The current investment environment makes retirement nest eggs less effective than many retirees had hoped. Understanding potential retirement income shortfalls is a critical first step. The hard part–developing a plan to avoid that shortfall–comes next.
$1.5 million. To most investors, that sounds like a big number. In fact, more than 75% of American workers see that as more than enough money to live comfortably in retirement.1 The critical question: are the vast majority of American workers right?
The answer relies on the relatively simple math of figuring out how much income will be generated by each investor’s nest egg. Unfortunately, the reality of the current investment environment is that generating income is an increasingly difficult challenge.
Why is this the case? Let’s start with the following chart:
Source: FactSet, Standard & Poor’s
As interest rates have fallen, bond yields have fallen along with them. The yield on the 10-year Treasury, for example, has fallen nearly 80% over the last 25 years.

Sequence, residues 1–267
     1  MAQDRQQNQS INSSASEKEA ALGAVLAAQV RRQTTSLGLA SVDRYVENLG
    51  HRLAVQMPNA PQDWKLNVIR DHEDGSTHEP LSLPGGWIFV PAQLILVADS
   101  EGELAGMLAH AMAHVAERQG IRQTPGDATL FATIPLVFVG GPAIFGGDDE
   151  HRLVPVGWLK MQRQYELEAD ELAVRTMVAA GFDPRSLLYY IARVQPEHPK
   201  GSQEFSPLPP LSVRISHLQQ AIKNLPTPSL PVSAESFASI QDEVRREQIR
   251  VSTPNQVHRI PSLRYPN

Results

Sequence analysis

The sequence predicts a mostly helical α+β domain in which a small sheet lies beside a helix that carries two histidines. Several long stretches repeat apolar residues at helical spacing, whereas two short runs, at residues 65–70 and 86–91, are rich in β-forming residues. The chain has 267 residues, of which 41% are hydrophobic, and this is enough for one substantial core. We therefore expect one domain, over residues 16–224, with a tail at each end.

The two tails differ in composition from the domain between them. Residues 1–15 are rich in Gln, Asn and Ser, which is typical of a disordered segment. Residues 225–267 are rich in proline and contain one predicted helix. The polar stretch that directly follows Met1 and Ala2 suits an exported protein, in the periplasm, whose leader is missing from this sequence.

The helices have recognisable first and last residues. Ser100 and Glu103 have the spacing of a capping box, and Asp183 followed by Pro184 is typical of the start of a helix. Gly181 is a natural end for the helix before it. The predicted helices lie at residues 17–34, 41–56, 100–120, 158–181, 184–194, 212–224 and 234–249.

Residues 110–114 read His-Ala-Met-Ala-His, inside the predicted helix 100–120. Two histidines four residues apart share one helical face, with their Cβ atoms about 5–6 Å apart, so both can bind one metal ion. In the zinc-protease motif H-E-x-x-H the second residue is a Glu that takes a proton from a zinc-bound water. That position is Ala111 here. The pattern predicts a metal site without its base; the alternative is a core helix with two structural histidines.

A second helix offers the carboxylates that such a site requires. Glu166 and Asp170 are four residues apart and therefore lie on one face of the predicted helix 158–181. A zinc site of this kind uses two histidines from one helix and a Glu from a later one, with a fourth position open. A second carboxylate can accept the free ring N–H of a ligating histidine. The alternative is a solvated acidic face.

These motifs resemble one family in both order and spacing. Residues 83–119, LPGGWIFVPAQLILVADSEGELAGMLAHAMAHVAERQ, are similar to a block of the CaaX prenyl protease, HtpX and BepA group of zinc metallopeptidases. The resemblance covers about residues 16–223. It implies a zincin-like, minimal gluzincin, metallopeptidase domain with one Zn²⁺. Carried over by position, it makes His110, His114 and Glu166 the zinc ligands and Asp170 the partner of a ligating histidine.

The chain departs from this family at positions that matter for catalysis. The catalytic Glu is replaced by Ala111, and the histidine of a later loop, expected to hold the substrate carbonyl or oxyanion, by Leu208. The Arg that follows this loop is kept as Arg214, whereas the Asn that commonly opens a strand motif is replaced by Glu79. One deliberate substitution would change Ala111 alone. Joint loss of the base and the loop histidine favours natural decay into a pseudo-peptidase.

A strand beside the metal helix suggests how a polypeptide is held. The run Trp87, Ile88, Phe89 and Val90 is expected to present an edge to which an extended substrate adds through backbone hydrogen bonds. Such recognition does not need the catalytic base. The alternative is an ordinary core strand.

Investors looking to find income beyond bonds will find that search difficult. Consider, for example, that the dividend yield for the S&P 500 hasn’t exceeded 4% since the mid-1980s.
The implications may not be fully and explicitly understood by investors. Let’s revisit the income generated over time by the $1.5 million nest egg viewed as adequate by most Americans, using the 10-year Treasury at specific points in time as a barometer:
The difficult truth is that the income potential of many nest eggs has been dramatically reduced.
While investors will certainly continue to seek ways to generate more income or adjust spending expectations for their golden years, for many the path to addressing this issue will simply require saving more.
It is likely that many investors sense this already. Though 75% of Americans view $1.5 million as enough savings, only 21% feel very confident that they will have the assets needed to live comfortably in retirement.5
Understanding the potential retirement income shortfall is a critical first step. The hard part–developing a plan to avoid that shortfall–comes next.
1 Employee Benefit Research Institute, 2016 Retirement Confidence Survey.
2 Nominal dollar amounts, not indexed for inflation.
3 Based on monthly 10-year Treasury yield data from August 1991-August 2016.
4 Based on 10-year Treasury yield of 2.40% on March 31, 2017.
5 Employee Benefit Research Institute, 2016 Retirement Confidence Survey.
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